First, he would make the Bush tax cuts permanent and thus end the last four years of business uncertainty that has paralyzed our economy. Risk-taking doesn't happen when you don't know from year to year if your taxes are going to shoot up to job-killing, profit-cutting levels. This would encourage economic expansion and employer hiring as well. It would unlock capital investment that has been tepid at best under Mr. Obama's plan to raise the 15 percent capital gains tax to 20 percent or higher.
Second, Mr. Romney wants to cut tax rates further, for both businesses and the middle class. The 35 percent corporate income tax is the highest in the industrialized world and makes us less competitive in the global economy. He would cut it to 25 percent.
Mr. Obama rejects Mr. Romney's tax-cut plan, saying it would favor the rich at the expense of the middle class and would drive up the budget deficits. But there really are just two ways to effectively cut the budget deficits, and raising taxes -- as Mr. Obama proposes -- is not one of them.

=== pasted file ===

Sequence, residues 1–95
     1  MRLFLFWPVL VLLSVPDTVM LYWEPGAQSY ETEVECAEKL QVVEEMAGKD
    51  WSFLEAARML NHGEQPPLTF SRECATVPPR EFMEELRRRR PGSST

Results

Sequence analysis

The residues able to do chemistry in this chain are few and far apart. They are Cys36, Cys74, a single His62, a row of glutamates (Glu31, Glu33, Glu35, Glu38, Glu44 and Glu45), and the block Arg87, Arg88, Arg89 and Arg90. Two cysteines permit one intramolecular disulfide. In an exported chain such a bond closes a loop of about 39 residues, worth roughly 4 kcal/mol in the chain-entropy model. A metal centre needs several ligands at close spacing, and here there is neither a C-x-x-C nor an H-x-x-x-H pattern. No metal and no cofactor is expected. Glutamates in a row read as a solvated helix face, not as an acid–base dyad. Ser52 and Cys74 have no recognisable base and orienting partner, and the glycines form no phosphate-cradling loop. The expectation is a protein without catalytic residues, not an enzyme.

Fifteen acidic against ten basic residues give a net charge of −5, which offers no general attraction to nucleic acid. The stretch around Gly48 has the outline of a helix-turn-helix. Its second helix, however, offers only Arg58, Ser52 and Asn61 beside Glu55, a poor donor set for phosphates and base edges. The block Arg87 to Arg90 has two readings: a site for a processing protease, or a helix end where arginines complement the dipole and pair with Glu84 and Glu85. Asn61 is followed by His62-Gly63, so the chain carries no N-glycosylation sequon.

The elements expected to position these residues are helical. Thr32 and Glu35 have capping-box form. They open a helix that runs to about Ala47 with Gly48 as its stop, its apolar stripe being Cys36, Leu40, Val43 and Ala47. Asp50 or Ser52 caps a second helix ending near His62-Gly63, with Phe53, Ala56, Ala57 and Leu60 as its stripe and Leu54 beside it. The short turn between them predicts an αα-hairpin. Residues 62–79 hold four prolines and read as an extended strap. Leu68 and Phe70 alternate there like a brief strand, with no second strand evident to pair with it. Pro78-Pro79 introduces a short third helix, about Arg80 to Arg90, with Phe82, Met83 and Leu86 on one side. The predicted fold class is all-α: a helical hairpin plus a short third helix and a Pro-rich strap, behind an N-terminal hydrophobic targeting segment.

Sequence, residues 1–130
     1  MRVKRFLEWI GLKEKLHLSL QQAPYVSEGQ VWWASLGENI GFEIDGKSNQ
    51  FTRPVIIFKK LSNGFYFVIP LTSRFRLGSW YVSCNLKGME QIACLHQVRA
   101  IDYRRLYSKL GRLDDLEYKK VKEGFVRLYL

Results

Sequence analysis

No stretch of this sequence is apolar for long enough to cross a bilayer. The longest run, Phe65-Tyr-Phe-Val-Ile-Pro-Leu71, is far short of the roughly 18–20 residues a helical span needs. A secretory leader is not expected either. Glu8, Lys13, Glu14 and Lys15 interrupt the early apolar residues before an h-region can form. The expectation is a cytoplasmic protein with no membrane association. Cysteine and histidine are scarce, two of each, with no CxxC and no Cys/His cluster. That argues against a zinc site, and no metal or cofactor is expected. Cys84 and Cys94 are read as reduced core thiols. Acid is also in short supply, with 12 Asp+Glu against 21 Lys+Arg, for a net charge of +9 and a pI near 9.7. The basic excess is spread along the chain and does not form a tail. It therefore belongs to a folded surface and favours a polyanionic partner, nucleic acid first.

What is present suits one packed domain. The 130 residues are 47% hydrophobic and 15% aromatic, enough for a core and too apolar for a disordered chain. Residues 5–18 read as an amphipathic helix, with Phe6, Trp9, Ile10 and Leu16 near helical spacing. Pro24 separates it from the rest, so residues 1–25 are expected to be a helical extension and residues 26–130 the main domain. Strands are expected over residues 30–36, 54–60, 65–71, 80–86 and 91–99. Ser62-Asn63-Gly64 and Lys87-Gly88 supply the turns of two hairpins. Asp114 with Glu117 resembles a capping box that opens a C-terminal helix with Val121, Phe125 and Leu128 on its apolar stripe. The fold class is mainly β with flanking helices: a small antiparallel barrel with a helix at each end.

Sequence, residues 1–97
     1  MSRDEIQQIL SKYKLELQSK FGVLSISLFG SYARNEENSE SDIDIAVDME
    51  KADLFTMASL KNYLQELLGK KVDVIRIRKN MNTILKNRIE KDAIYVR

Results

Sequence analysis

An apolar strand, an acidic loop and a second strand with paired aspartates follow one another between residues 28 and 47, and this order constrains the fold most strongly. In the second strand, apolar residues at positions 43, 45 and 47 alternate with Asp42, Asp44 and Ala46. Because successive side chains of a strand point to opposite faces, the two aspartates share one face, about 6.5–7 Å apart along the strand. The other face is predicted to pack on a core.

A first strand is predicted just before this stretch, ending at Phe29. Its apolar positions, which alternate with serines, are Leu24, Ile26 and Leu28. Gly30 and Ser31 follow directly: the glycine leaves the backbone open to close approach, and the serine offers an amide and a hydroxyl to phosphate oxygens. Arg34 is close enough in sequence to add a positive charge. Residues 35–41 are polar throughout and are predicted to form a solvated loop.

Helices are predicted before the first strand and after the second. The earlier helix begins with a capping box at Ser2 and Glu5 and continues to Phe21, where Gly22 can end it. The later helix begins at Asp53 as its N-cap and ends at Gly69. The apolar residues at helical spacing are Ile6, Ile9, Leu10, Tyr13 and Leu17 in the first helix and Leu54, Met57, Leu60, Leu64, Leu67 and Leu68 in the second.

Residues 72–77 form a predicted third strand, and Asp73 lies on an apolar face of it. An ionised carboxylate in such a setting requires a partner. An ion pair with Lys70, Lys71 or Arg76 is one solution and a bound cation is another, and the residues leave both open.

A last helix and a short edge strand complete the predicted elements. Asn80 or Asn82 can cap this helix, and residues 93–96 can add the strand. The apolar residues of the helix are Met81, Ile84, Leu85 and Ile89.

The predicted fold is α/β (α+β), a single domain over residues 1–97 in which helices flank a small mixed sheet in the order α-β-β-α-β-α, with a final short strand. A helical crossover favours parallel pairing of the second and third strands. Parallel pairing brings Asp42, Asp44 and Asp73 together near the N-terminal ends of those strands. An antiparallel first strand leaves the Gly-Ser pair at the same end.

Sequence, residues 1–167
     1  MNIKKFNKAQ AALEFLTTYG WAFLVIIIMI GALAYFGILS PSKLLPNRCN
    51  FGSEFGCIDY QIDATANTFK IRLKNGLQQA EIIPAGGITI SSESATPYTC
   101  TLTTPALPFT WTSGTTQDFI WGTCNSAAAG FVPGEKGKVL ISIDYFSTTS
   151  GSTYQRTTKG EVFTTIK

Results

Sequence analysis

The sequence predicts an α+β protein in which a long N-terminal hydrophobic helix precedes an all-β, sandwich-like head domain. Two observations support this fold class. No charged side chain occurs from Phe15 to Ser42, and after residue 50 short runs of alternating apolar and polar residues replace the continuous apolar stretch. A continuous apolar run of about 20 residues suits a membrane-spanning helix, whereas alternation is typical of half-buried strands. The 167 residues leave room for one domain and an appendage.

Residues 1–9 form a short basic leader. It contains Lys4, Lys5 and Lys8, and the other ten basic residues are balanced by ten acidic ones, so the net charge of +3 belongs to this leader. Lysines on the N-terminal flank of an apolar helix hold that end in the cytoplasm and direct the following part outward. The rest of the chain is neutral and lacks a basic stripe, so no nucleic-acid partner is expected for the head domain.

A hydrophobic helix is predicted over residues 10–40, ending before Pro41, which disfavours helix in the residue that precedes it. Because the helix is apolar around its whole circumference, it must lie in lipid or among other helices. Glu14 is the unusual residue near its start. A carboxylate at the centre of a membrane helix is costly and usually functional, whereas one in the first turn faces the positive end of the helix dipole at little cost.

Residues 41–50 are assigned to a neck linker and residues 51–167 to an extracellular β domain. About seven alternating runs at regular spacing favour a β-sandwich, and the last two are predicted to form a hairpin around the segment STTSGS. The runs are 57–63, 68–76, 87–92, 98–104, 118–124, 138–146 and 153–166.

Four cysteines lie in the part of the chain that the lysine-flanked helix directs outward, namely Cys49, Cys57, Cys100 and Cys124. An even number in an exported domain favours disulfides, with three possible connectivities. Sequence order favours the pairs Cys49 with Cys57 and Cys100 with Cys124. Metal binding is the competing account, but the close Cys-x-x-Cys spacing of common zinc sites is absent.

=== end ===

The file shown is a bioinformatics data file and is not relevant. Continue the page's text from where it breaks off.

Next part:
One way would be through stronger economic growth and a sharply reduced unemployment rate. Putting tens of millions of workers back on the income tax rolls, along with millions of new businesses, would boost federal revenues. Another way is to reduce federal spending. Mr. Romney's plan would do both.
You do not hear Mr. Obama talk about economic growth. It's a foreign language he doesn't understand and never will. His approach from the beginning has been to re-create the New Deal's failed policies from the 1930s based on the idea that government can create jobs by spending a lot of money. But his $800-billion-plus infrastructure spending plan was a spectacular and costly failure. Why? Because the politically chosen list of federal, state and local projects in which he invested touched only a relatively small part of the economy. When each contract ended and the money ran out, so did the jobs.